- Unlike some major brick-and-mortar retailers, Amazon does not “price match” on the items it sells.
- Amazon formerly offered price-protection guarantees, refunding the difference between the price paid and a new, lower rate if the price dropped, but it ended this service in 2016.
- Amazon’s free shipping with a Prime membership and constantly fluctuating prices still make many products cheaper than those bought in stores or from other online retailers, even if Amazon’s pricing can’t be guaranteed as the cheapest.
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If you’re looking to have a product “price matched” to ensure you get the lowest possible rate offered by any retailer, you’ll have to look somewhere other than Amazon, though the site can often have the lowest price on items.
Soon enough, you’ll have to look somewhere other than Walmart, too, for price matching: while Amazon has never offered a price matching policy, Walmart has done so for years, but announced the coming end of the program earlier this year.
Why Amazon doesn’t offer a ‘price match’ policy
Amazon often has the lowest prices on products, but they don’t offer a low-price guarantee. The notable thing about Amazon is that their prices are constantly changing for several reasons, and often for a consumer’s benefit.
“Customers expect to find low prices in our store and our dedicated teams work hard to find and offer them the best prices, every day. Our prices change so that we can meet or beat the lowest competitive price from other retailers for our customers,” an Amazon spokesperson told Business Insider.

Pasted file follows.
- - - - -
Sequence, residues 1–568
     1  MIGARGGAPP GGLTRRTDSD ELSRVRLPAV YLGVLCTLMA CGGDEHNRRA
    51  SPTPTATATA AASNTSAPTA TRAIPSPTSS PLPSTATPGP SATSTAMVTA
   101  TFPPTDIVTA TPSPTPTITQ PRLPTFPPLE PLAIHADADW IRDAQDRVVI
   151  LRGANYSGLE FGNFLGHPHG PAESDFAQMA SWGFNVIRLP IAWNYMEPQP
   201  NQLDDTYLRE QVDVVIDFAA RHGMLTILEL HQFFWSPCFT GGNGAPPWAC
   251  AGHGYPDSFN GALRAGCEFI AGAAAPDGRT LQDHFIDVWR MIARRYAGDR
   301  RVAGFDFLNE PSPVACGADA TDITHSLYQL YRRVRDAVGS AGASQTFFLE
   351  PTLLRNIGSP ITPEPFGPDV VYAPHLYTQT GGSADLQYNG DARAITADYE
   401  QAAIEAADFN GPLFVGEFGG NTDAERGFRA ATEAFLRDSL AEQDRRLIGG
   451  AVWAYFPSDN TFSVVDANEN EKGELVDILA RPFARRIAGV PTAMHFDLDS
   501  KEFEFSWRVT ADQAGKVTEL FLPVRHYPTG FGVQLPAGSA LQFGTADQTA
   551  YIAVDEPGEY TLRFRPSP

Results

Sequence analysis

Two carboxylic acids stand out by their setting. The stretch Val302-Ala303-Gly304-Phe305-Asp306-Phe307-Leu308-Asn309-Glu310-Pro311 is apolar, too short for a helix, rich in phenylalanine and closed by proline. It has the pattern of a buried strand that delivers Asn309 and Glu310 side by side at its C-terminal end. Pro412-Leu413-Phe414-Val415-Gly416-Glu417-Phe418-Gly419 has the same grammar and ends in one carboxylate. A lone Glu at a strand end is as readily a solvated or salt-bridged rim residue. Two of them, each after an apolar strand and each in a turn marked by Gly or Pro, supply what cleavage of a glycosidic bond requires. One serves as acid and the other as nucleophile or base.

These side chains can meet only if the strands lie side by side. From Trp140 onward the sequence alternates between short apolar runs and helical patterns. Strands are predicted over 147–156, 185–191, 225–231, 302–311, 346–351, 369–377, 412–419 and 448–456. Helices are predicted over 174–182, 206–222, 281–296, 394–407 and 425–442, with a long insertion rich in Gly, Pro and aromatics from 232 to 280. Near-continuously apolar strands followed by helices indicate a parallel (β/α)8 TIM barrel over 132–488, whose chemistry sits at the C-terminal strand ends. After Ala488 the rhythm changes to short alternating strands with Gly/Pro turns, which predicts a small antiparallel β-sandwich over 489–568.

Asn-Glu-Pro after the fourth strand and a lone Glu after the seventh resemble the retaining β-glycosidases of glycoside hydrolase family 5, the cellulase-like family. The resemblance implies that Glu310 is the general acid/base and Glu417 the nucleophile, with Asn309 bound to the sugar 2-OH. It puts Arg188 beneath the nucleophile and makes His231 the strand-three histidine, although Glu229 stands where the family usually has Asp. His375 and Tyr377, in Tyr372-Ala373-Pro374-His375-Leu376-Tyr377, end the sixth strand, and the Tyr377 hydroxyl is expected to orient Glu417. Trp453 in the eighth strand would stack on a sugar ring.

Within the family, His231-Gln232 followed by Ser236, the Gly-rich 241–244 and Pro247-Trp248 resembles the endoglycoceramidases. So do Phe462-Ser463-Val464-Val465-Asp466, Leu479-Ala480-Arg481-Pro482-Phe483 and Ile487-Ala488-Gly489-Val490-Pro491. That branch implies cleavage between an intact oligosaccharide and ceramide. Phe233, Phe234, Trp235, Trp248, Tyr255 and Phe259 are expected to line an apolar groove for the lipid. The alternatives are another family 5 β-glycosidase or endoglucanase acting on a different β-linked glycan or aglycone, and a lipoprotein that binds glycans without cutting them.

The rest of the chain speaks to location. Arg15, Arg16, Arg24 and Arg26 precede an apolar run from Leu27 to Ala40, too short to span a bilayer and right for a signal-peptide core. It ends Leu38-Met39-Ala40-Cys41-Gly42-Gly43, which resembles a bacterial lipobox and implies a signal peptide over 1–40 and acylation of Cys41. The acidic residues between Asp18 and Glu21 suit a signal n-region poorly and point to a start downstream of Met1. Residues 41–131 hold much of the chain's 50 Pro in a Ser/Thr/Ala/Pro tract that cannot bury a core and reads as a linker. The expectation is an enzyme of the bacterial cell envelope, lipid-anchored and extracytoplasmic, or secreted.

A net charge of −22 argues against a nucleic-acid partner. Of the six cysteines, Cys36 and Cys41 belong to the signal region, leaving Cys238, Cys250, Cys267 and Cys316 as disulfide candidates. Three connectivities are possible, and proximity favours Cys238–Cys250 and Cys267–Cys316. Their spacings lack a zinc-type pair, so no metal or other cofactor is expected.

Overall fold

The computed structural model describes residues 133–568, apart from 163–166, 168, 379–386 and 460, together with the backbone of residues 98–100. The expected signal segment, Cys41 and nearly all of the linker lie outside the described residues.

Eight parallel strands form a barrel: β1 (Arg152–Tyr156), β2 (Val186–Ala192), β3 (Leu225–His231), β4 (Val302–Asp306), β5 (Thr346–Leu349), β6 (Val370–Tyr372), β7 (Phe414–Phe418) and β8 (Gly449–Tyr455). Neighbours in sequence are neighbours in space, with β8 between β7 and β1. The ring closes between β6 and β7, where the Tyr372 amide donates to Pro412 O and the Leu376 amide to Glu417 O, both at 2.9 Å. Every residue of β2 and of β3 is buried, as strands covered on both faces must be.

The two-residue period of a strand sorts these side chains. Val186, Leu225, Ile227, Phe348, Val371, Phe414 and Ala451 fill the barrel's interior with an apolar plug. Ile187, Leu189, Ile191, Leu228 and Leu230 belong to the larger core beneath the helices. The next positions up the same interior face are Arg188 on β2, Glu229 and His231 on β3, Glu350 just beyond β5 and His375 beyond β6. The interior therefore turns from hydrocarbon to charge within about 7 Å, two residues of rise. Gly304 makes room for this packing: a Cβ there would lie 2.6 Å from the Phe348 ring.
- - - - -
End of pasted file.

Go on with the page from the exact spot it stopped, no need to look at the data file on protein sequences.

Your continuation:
As the company constantly crunches data to determine the ideal price point of a product, in relation to competitive retail prices and the stock of items, the price of a given item may change as often as every ten minutes. There’s also the factor that selling partners on Amazon set their own prices. All of this can result in the often odd pricing you’ll see on the site, like $US19.81 or $US195.43.
Despite its lack of a direct price-matching policy, Amazon’s fluctuating prices continue to make it a price leader for customers, especially among online retailers. A 2018 report from Profitero, an eCommerce analytics company, showed that Amazon’s prices were on average “13% less expensive than other major online retailers in the US.”
Even if you take the time to cross-reference product pricing at Amazon against, say, Target, Walmart, and Home Depot, Amazon may well drop the price of that baby monitor or camping stove you bought just ten minutes ago.
In the past, Amazon did offer a “price-protection” guarantee refunding you the difference between the price you paid for a product and a new lower rate, but it ended that policy in 2016. Today, you just have to roll the dice on an Amazon purchase, hoping you’re getting the best price.
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